Holographic technique stresses interference

By Eric Smalley, Technology Research News

Getting a sharp image is important in holographic data storage, but it's hard to achieve because holograms are created by the subtle interference patterns of two intersecting laser beams.

A team of researchers from China has added a twist to a holographic data storage system developed at the California Institute of Technology that promises to increase the system's diffraction efficiency, allowing for higher resolution recordings.

The technique uses a usually unwanted form of interference to reinforce the recorded images.

Data holograms are made when a pattern representing the data is put into a laser beam. When the beam comes together with a second laser beam on a recording medium, the interference pattern they create is captured in the medium. A hologram is read by shining a laser on the medium at the same angle as the second recording laser. This reproduces the original data pattern.

The Caltech system uses lithium niobium oxide suffused with particles of iron and manganese as its recording medium. The system first records, then fixes a hologram to make it permanent.

When the second beam bounces off the data pattern captured in the medium during both recording and fixing, it reproduces the pattern in the same manner as data is read out. The researchers noticed that when the beam hit this inadvertently read out pattern, it created a new interference pattern that was a copy of the original pattern. This echo pattern was also captured in the recording medium.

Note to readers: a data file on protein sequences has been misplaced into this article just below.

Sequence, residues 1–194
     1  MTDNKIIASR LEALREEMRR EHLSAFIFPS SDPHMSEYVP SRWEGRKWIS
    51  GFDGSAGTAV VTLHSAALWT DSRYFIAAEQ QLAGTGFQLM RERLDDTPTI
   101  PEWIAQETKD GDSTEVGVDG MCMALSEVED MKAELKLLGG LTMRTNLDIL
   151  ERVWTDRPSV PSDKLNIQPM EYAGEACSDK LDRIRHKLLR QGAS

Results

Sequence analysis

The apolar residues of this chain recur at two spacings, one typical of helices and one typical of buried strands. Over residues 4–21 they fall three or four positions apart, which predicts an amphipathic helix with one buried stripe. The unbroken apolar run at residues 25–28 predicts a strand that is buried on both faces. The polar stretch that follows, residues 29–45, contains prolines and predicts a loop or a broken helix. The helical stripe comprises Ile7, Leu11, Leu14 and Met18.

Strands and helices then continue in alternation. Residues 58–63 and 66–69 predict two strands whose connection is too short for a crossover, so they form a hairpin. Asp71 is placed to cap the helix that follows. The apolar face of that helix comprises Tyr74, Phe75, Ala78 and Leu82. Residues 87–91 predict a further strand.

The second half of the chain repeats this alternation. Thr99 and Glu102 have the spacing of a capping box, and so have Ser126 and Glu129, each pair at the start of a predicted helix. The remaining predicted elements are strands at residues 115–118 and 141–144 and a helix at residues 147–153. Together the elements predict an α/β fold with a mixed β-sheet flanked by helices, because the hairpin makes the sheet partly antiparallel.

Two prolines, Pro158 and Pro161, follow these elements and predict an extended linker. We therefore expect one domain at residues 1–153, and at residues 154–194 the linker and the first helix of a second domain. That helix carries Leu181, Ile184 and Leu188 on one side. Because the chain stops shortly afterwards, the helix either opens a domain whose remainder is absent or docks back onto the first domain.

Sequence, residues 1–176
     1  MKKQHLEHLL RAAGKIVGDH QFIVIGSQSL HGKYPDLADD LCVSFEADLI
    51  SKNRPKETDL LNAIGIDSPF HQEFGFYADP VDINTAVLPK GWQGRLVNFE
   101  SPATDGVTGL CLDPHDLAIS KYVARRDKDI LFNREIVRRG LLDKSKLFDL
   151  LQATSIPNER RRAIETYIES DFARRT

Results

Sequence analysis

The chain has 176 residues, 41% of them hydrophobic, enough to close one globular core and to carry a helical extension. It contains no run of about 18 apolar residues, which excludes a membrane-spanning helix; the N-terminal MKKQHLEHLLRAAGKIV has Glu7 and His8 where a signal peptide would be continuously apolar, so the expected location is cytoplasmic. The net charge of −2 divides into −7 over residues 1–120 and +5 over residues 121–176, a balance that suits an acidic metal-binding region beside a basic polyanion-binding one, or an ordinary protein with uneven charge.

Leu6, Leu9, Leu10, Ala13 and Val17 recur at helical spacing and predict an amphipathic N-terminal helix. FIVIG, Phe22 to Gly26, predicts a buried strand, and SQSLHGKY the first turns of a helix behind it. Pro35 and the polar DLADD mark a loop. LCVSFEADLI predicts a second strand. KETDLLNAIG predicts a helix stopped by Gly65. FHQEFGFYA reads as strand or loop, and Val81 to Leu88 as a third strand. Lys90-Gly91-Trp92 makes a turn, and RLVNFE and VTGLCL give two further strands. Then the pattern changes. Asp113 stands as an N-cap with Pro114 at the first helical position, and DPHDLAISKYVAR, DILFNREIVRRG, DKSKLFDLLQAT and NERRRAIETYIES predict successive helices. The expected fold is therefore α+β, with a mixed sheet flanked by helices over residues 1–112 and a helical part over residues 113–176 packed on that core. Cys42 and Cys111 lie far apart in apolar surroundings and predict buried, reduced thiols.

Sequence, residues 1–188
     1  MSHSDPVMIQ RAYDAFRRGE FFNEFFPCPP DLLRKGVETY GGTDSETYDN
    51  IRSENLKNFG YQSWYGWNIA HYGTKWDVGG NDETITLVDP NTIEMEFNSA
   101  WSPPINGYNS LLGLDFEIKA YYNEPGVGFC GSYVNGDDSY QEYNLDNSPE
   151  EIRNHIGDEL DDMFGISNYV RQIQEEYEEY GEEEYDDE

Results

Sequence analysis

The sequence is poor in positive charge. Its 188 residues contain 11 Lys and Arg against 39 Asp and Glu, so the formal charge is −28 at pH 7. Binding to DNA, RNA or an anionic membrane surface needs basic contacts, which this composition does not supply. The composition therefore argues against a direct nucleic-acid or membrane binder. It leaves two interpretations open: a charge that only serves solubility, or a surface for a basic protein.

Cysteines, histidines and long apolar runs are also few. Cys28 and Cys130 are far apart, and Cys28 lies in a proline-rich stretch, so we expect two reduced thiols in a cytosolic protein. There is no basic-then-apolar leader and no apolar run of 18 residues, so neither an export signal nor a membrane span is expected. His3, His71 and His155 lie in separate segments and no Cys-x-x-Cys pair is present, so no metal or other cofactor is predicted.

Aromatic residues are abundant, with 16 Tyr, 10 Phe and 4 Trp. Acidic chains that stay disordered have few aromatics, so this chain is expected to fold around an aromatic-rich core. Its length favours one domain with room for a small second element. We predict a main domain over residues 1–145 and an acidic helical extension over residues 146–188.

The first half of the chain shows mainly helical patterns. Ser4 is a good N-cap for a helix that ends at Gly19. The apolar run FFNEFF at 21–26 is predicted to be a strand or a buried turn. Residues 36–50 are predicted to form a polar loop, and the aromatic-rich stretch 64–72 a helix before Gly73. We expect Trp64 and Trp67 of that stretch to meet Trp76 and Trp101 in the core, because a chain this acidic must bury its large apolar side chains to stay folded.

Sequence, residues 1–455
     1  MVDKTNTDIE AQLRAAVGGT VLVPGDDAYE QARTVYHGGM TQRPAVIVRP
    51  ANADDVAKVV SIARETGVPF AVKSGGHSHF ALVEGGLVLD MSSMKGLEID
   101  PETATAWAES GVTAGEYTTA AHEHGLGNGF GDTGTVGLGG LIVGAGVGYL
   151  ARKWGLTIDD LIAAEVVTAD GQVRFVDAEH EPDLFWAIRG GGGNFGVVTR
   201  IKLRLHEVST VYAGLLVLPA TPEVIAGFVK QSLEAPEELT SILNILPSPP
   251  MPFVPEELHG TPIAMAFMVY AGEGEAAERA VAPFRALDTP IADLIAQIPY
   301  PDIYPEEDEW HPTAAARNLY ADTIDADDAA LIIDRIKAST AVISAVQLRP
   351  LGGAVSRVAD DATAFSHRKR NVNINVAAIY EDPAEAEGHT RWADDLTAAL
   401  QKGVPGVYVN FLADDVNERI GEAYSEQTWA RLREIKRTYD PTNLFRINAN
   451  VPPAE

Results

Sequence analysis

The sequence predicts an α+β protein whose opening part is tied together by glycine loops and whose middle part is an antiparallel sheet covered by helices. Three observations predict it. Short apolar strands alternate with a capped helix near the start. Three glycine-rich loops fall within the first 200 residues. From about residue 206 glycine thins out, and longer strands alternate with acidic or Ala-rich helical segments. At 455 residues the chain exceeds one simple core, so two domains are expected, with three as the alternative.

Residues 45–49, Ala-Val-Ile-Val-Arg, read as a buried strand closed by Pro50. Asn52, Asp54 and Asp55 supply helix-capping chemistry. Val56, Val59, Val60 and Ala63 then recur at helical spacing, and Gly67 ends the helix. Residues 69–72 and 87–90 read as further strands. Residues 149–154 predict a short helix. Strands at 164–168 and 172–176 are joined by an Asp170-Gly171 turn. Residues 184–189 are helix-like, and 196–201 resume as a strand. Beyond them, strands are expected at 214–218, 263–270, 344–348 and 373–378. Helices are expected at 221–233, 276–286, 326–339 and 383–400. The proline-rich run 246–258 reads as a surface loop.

Depending on the orientation of the recording medium's crystals, the new pattern was either in phase or 180 out of phase with the original pattern, said De'an Liu, a graduate student at the Shanghai Institute of Optics and Fine Mechanics.

If the new pattern is in phase it reinforces the original pattern and if it is out of phase it weakens the original pattern, he said. "The superposition of the recorded and the new [patterns effects] diffraction efficiency, accordingly called self-enhancement or self-depletion effect," said Liu.

A hologram that has a higher diffraction efficiency can store more data because it's pattern is more sharply defined, which means it can fit more bits into a given area.

The researchers measured the diffraction efficiency for the four possible combinations of the effect: self-enhanced recording and self-enhanced fixing, self-enhanced recording and self-depleted fixing, self-depleted recording and self-enhanced fixing, and self-depleted recording and self-depleted fixing.

"The results show that the combination of self-enhanced recording and self-enhanced fixing has the highest diffraction efficiency, and it is twice as large as the lowest one from the combination of self-depleted recording and self-depleted fixing," said Liu.

The self-enhanced holographic storage technique could be used in practical systems in two to three years, he said.

Liu's research colleagues were Liren Liu, Youwen Liu and Changhe Zhou. They published the research in the November 6, 2000 issue of Applied Physics Letters. The research was funded by the National Natural Science Foundation of China and the Chinese Academy of Sciences.

Timeline:   2-3 years
Funding:   Government
TRN Categories:   Data Storage Technology
Story Type:   News
Related Elements:  Technical paper, "Self-enhanced nonvolatile holographic storage in LiNbO3:Fe:Mn crystals," Applied physics Letters, November 6, 2000




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April 11, 2001

Page One

Glass mix sharpens holograms

Material bends microwaves backwards

Shaky chip makes for bug-eyed bots

Cold plastic gives electrons free ride

Holographic technique stresses interference

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